It’s not as simple as just increased childcare responsibilities—Korea already has a record-low birthrate, and women journalists the world over have less children than women in most other professions. So what gives?
Estimated reading time: 5 minutes. Photo (cropped) by Dynamic Wang on Unsplash.
It is a truth universally acknowledged, I like to think, that a single industry so possessed by one sex, must be in want of dramatic reform.
Okay, I did force that Austen-like opener somewhat.
But when you realize that the entry number of Korean women journalists has started to exceed that of men in recent years, only for most women to leave the industry in less than 10 years? Also, that the ensuing absence of women mentors, and continued domination of newsrooms by masculine culture are, ipso facto, some of the main causes of that?
Perhaps awkward forced changes, such as quotas for board members of news organizations, are precisely what the industry needs.
I can’t pretend to possess insider knowledge in that regard, nor detailed solutions. But from now on, I can at least share everything I’ve collected about sexism and bias in the Korean media industry over the years to spread awareness, as well as anything new as it comes up. In particular, such a gold mine of information as Na Yeon Lee and Changsook Kim’s “Why Are Women Journalists Leaving the Newsroom in South Korea? Gendered and Emerging Factors that Influence the Intention to Leave” just published last month in Journalism Practice.
If your interest isn’t piqued just by the title alone, let me leave you with some telling quotes that demonstrate why it really should be,* and please get in touch if you don’t have access to a copy.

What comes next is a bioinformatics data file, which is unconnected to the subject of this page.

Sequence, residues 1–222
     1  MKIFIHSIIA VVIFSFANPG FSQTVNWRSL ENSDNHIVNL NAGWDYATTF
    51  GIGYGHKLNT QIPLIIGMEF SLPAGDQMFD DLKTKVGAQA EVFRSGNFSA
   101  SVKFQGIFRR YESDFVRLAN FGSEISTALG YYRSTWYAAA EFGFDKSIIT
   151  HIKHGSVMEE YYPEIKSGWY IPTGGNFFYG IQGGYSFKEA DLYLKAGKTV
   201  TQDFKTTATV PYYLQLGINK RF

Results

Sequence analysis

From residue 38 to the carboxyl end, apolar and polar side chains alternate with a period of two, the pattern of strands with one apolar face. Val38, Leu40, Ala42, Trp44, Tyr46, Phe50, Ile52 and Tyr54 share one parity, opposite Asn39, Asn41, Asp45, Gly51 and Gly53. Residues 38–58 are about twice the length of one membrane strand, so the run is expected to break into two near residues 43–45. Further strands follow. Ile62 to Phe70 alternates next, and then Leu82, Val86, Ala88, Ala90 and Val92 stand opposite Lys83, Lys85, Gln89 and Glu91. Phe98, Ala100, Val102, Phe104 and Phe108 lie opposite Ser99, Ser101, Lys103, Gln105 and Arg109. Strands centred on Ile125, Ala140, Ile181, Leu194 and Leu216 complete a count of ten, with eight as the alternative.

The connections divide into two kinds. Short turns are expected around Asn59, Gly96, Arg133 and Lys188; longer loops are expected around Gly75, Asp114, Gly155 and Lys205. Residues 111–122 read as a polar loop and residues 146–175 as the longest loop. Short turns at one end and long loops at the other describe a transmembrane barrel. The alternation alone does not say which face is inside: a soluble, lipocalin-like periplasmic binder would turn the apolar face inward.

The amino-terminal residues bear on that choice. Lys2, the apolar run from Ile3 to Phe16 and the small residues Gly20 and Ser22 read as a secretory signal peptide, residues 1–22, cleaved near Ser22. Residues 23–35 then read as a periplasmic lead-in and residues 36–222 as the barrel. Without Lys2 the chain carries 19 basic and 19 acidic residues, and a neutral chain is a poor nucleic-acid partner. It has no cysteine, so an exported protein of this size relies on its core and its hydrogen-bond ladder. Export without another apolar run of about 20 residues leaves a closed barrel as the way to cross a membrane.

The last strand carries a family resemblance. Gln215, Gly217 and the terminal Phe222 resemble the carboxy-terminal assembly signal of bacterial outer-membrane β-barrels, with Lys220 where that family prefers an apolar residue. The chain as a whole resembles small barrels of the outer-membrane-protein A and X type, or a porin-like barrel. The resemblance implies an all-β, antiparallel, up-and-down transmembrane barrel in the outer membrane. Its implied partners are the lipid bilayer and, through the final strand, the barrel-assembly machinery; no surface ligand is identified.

*Apologies for removing the numerous sources mentioned for the sake of readability. Please consult the original for those, many of which sound just as interesting and informative as this one!
Just four years, ago MBC anchorwoman Lim Hyeon-ju caused a sensation by defying the rule that female news anchors weren’t allowed to wear glasses on the job.
First, on why I think quotas are absolutely necessary:
…in South Korea in 1996, JoongAng Daily, one of the largest South Korean newspapers, employed only 24 women journalists out of a total of 402 journalists. Soon after, the percentage of women journalists began to surge so that by 2020 women accounted for about 32.8% of the total number of journalists. However, most women journalists were younger and about 10% of women journalists were in top-management positions.
In South Korea in recent years, although the entry number of women journalists has exceeded that of men journalists , there were only 7 women out of 138 (5.07%) board members among the 29 major news organizations.
Next, on why a gender balance in news media is so important: